I'm retired now, but spent decades in the people and training business. Brooke is extraordinary! Even though this course is extremely well organized and she's left nothing unattended, she moves through it with friendly conversational manners and without a sense of it being stilted. It's as though we are all her friends, not students, as she shares her heart and passion with us. What a joy it is to listen to her. And what a clear, unambiguous command of her subject. Wow! She explains it with such ease using explanations and techniques that won't overwhelm artists just starting their portfolio or the Photoshop-squeamish among us; but despite its simplicity her resulting art is breathtaking and beyond original. I wish more of my professors at school were as engaging. This was by far my best buy at Creative Live yet.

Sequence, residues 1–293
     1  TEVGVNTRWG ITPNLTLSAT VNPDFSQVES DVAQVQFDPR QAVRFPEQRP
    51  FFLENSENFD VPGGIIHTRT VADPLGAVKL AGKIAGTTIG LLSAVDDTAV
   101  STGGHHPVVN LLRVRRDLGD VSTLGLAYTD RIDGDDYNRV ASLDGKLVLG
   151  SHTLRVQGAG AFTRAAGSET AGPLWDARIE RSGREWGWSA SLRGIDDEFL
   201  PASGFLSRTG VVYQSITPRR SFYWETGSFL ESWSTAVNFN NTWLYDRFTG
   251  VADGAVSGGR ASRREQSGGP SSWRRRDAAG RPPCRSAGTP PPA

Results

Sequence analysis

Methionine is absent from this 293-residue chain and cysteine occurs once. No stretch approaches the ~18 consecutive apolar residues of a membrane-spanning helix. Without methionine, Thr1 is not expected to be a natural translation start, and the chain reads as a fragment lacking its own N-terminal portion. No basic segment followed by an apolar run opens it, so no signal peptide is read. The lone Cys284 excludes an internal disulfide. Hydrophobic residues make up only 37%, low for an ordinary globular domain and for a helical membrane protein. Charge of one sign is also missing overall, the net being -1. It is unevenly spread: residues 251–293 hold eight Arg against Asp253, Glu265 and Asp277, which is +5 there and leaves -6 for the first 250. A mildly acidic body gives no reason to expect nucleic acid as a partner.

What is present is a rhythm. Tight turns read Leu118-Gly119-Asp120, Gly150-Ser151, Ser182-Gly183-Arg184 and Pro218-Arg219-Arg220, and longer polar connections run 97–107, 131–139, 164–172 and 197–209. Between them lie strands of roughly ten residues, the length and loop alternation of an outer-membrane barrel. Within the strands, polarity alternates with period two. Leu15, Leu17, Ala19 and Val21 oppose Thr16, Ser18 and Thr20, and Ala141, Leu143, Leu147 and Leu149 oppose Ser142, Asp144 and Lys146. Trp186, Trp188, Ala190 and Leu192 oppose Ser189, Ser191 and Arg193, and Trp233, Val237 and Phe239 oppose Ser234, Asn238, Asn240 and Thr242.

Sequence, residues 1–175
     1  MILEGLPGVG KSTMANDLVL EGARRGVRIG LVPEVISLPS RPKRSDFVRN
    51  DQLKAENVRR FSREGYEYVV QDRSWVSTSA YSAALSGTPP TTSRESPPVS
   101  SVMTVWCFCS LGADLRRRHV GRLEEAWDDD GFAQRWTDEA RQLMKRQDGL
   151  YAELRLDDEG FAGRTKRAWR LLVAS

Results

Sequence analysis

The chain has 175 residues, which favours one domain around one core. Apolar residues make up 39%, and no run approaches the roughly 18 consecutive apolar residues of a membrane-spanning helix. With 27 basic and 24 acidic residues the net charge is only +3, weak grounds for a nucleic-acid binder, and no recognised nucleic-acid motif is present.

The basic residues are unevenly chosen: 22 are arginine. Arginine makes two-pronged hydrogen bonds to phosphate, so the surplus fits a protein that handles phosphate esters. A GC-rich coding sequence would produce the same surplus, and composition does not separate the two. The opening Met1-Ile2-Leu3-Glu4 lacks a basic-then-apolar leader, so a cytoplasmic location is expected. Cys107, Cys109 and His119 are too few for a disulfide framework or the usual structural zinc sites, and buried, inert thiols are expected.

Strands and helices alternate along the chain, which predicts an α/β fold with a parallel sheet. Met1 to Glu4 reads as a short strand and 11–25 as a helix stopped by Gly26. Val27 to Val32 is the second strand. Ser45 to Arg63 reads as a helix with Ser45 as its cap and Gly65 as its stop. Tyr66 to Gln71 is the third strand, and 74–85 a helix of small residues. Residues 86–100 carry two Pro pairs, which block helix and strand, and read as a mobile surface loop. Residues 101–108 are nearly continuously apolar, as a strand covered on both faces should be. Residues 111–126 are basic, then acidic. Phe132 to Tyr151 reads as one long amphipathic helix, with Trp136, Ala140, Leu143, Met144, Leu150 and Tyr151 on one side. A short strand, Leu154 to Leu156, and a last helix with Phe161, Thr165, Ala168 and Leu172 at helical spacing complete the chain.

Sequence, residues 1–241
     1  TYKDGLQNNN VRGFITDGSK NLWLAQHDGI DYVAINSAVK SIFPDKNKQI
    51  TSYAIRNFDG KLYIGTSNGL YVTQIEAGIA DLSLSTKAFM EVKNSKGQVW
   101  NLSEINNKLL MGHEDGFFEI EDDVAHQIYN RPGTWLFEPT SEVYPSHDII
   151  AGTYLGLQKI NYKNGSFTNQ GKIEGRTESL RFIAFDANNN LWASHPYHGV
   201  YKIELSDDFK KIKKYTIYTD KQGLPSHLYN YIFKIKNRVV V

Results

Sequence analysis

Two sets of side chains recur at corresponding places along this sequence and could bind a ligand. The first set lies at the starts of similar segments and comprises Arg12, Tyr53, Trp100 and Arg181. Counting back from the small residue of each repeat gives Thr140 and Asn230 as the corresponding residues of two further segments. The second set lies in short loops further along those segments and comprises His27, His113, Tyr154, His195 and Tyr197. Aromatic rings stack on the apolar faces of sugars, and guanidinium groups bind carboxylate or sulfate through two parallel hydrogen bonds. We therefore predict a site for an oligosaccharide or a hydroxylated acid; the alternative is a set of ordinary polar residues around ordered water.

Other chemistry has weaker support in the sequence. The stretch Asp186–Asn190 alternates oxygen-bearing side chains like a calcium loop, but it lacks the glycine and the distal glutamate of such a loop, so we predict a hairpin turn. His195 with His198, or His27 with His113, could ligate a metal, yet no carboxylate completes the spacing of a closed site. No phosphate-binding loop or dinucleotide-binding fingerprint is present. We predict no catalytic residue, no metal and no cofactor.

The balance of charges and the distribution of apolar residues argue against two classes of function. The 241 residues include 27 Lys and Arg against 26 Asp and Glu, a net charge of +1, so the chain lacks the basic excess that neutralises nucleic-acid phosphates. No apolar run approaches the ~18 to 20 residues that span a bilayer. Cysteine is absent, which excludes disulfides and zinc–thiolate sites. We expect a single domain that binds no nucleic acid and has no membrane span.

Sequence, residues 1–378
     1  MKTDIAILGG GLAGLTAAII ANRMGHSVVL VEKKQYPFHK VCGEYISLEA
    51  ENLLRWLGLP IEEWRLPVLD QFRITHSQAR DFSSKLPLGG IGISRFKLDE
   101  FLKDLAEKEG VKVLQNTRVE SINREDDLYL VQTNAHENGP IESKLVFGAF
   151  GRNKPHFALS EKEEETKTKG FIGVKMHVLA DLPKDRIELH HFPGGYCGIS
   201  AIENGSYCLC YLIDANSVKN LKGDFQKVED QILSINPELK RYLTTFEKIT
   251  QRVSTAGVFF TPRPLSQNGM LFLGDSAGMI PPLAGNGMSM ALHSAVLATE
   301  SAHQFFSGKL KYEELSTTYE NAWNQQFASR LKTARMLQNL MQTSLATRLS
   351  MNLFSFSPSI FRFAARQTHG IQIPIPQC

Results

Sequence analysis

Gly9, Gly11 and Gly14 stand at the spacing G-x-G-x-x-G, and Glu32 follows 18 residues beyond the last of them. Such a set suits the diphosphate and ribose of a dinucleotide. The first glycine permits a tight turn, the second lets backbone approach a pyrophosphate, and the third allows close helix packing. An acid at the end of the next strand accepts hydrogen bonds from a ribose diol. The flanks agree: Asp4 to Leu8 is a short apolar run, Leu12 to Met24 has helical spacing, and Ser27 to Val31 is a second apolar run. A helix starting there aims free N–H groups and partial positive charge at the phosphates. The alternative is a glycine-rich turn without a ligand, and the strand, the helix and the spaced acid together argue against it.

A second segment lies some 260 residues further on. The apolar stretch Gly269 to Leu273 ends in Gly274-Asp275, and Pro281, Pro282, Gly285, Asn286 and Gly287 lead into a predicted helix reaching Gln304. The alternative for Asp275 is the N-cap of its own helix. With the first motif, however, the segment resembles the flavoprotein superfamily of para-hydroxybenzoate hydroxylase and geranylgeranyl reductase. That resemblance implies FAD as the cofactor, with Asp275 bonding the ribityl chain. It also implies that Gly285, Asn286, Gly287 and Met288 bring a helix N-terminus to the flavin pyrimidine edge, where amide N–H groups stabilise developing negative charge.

Angel Ricci

When the title says comprehensive, it means comprehensive! I loved every part of this course. It's inspirational, motivating, and insightful towards creating art work. Even if you are not necessarily considering a fine art specialty, the concepts discussed in this course are applicable to many areas! I find this super useful as a videographer and photographer and look to apply all of these exercises and concepts for my personal and business work moving forward. It is lengthy, but you will not regret a single minute. Brooke Shaden is an amazing artist and educator. I recommend keeping up with her work, presentations, and any future courses that may come in the future.